Characterizing Citizens’ Preferences for Engagement in Patient Care and Research in Adult and Pediatric Intensive Care Units Academic Article uri icon

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abstract

  • Rationale: Engagement promotes and supports the active participation of patients and families in health care and research to strengthen their influence on decision-making. We sought to characterize how citizens wish to be engaged in care and research in the intensive care unit (ICU). Methods: Interviewers administered questionnaires to visitors in 3 adult ICUs and 1 pediatric ICU. Results: We surveyed 202 (adult [n = 130] and pediatric [n = 72]) visitors. Adults and pediatric visitors prioritized 3 patient care topics (family involvement in rounds, improving communication between family members and health-care providers, and information transmission between health-care practitioners during patient transfers) and 2 research topics (evaluating prevention and recovery from critical illness). Preferred engagement activities included sharing personal experiences, identifying important topics and outcomes, and finding ways to make changes that respected their needs. Both respondent groups preferred to participate by completing electronic surveys or comment cards and answering questions on a website. Few respondents (<5%) wanted to participate in committees that met regularly. Although adult and pediatric respondents identified common facilitators and barriers to participation, they ranked them differently. Although both groups perceived engagement to be highly important, adult respondents were significantly less confident that their participation would impact care (7.6 ± 2.2 vs 8.3 ± 1.8; P = .01) and research (7.3 ± 2.4 vs 8.2 ± 2.0; P = .01) and were significantly less willing to participate in care (5.6 ± 2.9 vs 6.7 ± 3.0; P = .007) and research (4.7 ± 3.0 vs ± 5.8 ± 3.0; P = .02). Conclusions: Adult and pediatric visitors expressed comparable engagement preferences, identified similar facilitators and barriers, and rated engagement highly. Adult visitors were significantly less confident that their participation would be impactful and were significantly less willing to engage in care and research.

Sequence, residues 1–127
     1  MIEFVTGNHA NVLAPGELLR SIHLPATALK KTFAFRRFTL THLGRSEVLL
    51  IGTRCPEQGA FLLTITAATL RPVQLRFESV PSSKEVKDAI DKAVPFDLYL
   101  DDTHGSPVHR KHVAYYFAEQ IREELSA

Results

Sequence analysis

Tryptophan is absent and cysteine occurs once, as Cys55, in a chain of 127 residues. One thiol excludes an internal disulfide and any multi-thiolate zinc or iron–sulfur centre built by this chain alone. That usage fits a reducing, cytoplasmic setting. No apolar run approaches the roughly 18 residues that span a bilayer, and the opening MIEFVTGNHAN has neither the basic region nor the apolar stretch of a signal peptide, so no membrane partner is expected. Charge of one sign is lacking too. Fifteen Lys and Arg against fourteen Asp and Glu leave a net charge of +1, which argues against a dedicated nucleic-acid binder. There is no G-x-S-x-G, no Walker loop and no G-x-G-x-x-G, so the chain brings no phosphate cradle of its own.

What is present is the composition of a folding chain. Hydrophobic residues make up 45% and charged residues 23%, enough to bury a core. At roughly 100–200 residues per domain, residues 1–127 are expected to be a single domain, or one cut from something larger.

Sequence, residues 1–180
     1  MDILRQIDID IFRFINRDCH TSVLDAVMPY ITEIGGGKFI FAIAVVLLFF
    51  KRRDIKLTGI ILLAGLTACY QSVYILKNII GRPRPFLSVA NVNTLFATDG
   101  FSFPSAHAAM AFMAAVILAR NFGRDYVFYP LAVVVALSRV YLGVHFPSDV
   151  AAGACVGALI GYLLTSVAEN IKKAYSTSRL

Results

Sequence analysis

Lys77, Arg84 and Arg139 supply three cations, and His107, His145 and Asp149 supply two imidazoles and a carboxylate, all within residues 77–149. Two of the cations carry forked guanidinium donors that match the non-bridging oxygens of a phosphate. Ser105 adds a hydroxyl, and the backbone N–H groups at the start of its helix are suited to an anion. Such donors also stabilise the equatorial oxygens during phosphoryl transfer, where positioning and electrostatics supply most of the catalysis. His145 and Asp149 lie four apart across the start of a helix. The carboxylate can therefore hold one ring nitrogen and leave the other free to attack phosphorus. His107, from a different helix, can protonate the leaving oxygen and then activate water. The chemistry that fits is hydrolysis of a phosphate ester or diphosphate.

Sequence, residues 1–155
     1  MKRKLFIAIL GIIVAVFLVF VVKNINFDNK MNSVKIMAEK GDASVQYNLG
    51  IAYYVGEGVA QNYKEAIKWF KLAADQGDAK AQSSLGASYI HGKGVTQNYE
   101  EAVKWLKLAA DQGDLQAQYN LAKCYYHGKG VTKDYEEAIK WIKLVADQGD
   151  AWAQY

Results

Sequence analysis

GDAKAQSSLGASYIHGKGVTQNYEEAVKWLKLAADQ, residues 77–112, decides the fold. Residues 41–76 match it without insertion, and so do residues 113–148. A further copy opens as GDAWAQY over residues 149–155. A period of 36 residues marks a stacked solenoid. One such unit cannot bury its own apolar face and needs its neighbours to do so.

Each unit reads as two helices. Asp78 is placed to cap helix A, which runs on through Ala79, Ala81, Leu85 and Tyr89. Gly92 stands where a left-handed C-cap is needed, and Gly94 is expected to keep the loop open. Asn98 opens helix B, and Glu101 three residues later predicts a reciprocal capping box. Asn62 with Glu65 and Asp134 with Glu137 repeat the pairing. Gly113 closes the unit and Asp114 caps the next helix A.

authors

  • Burns, Karen
  • Rizvi, Leena
  • Charteris, Anna
  • Laskey, Samuel
  • Bhatti, Saima B
  • Chokar, Kamalprit
  • Choong, Karen LM

publication date

  • February 2020